Using slow cookers can be a great way to keep money in your pocket and the inches off your waist. I mentioned a few tips about cooking times in my last post, but barely scratched the surface on the benefits these handy pots can give.
Nutritionally speaking, using a slow cooker can give you an alternative to the high-fat, high-calorie foods most of you are limited to at truck stops. Making meals in your trucks gives you more control of what you eat, allowing you to incorporate more nutrient dense foods, like veggies, into your diet. Making a hearty stew, for example, with chicken broth, beef bits, carrots, canned corn, potatoes and some celery can provide your body with a good amount of fiber, and other vitamins and minerals you wouldn’t be able to get from a cheeseburger and fries.
Now, in terms of your budget, using a slow cooker can help cut back on the amount you spend on food. Using the example above, the ingredients for a stew would put you back about $15 at your closest Walmart and can make enough stew for about 6 servings. Compare that to the $5-10 you spend, per meal, at a fast food restaurant and see how much you can potentially save on food.
Here is a link that can give you more information about slow cooking in a truck, as well as some recipes to use.
Home Cooking on the Go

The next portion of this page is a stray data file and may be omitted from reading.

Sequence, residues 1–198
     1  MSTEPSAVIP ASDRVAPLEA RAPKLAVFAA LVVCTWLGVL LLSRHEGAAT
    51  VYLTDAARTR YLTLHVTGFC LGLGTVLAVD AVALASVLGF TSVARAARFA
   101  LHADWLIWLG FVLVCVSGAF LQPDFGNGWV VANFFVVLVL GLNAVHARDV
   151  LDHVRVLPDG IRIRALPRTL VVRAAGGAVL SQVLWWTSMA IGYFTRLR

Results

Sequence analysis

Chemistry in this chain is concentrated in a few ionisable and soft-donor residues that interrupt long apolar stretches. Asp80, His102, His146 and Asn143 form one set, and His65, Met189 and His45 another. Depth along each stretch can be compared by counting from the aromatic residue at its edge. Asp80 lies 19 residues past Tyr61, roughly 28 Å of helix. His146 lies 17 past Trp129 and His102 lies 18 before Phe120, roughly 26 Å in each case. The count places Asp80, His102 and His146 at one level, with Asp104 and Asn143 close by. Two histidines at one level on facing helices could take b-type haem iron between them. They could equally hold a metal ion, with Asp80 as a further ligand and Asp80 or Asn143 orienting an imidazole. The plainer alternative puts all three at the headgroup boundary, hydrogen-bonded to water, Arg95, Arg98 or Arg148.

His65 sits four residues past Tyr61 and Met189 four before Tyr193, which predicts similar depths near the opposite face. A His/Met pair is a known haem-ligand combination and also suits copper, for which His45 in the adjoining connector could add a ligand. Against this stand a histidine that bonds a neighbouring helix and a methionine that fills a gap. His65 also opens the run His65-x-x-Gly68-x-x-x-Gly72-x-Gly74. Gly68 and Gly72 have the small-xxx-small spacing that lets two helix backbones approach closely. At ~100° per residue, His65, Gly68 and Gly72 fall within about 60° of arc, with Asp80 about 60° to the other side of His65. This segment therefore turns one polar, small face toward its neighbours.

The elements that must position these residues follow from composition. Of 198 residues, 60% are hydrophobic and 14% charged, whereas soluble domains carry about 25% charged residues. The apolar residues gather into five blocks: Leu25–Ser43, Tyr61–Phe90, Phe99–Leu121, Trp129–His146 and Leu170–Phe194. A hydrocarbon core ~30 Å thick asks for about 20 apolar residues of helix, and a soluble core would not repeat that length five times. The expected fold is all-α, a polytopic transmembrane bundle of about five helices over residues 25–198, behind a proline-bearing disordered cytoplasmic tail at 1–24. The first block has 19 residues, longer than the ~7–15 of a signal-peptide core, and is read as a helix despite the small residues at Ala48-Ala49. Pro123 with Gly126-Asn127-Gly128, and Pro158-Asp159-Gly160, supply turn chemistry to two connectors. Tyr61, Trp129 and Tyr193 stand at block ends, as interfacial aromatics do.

There’s nothing better than a hot home-cooked meal, especially after a long day of work. Though it might seem impossible to cook while on the road, it’s not that hard to do at all. With a little planning and my favorite kitchen tool, cooking in your truck can give you a nice break from truck stop food and a more nutritious meal, as well. This is all possible thanks to the amazing slow cooker.
Some of you may already use one in your truck, and I hope you’ll agree that they are convenient and easy to use. Slow cookers range from $15-$40 and can hold anywhere from 1-7 quarts of food. These tiny pots take up little space and need little maintenance while cooking and during clean up.
- Cooking with a slow cooker: Most meals are made the same. Throw everything in, place the lid on, put it on Low or High, cook for a few hours, and enjoy (remember
that when your cooking meat, put it on the bottom).
- Cook times on high:
- Stew meats: 4.5 hrs for 3 pounds
- Chicken: about 1 hr per pound
- Pork loin: 5 hrs for 4 pounds
By planning ahead, you can pick up some ingredients during your Walmart stops. Using bits of meat, chicken broth, potatoes, carrots, and rice is a good place to start when making a stew. You can make a small batch for the night, or a large one to feed you for a few days. Just set it up when you start your break, and before your hours reset, you’ll have a great home-cooked meal!